How Slurpee Made Real 3-D Cups From the Soundwaves of Its Radio Ads

Burnett makes marketing you can drink from

If you could drink a Slurpee out of anything, would you choose a plastic cup modeled from the soundwaves of a radio ad?

To celebrate Australia's Bring Your Own Cup Day—a 7-Eleven promotion that lets customers put their Slurpee in unusual containers, like teapots and buckets—Leo Burnett Melbourne recorded Slurpee radio spots that featured sounds like mating blue whales and cheering soccer fans. Then it designed 3-D printable drinking vessels based on the waveforms (the visual representations of the audio) of the commercials.

Consumers can use the designs to print their own cups, or compete for a brand-made one on Facebook.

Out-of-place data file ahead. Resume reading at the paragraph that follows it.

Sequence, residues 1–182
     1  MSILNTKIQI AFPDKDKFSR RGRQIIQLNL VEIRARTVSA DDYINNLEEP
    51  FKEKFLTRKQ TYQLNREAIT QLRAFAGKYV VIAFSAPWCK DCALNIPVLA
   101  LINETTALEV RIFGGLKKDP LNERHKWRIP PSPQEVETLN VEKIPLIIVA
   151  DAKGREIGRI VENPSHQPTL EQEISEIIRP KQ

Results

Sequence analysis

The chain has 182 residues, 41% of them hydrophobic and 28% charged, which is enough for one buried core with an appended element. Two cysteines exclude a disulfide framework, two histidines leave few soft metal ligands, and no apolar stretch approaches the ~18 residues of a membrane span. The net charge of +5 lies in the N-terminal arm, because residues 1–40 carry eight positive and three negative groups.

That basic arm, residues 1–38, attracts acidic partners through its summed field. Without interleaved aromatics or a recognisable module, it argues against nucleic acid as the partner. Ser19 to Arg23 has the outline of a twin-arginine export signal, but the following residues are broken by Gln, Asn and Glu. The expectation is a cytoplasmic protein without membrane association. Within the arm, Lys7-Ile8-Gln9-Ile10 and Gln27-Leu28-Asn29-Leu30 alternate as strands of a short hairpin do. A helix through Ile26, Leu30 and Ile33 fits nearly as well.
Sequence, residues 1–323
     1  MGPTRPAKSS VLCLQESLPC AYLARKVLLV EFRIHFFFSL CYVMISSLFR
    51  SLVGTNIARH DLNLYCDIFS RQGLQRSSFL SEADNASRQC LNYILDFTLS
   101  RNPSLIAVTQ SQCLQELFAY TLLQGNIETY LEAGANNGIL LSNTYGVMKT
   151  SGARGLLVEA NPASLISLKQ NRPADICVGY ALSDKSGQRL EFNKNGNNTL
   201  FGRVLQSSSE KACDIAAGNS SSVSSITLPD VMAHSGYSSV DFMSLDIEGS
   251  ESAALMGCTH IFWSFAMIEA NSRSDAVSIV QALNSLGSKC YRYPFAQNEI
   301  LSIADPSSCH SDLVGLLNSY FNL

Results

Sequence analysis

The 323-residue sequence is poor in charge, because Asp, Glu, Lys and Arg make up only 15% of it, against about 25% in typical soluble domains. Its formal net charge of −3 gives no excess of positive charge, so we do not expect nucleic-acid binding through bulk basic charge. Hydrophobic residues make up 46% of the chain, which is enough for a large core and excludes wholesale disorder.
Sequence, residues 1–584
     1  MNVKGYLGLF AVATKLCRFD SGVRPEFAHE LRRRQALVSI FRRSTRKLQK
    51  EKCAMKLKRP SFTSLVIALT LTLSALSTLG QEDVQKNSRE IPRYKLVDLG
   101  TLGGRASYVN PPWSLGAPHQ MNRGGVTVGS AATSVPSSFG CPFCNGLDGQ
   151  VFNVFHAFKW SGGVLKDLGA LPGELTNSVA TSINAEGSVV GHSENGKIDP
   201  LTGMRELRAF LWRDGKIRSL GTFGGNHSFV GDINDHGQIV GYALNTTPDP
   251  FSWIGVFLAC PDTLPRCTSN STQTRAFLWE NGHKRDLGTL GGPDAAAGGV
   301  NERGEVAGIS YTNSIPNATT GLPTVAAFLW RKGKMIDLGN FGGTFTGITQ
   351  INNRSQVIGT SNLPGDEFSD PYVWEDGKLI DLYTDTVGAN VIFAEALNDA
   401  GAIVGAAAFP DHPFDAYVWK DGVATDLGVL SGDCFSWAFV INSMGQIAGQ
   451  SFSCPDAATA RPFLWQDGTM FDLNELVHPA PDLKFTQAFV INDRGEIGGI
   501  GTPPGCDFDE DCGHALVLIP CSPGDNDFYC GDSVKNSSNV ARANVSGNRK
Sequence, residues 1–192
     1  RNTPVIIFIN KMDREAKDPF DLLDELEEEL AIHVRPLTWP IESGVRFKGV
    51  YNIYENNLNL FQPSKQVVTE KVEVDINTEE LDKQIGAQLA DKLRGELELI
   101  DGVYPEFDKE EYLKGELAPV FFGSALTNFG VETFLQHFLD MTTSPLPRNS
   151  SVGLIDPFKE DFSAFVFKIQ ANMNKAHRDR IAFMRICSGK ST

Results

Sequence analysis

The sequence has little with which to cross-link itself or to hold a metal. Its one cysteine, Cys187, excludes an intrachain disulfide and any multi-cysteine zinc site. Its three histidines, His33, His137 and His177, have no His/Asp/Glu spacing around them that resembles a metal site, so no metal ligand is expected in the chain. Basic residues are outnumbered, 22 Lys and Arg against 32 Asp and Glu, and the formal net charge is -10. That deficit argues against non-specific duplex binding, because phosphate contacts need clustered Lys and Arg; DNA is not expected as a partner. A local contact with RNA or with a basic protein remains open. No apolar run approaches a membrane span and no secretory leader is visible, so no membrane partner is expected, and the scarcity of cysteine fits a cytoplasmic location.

It takes creative license to turn acoustic phenomena into a functional cup. Regardless, this is a nifty way to give radio promotions some immediacy for listeners, and build social buzz around the campaign.

Though a drinking cup in the actual shape of two mating blue whales probably would've been fine, too—and definitely would have been simpler. 

@GabrielBeltrone Gabriel Beltrone is a frequent contributor to Adweek.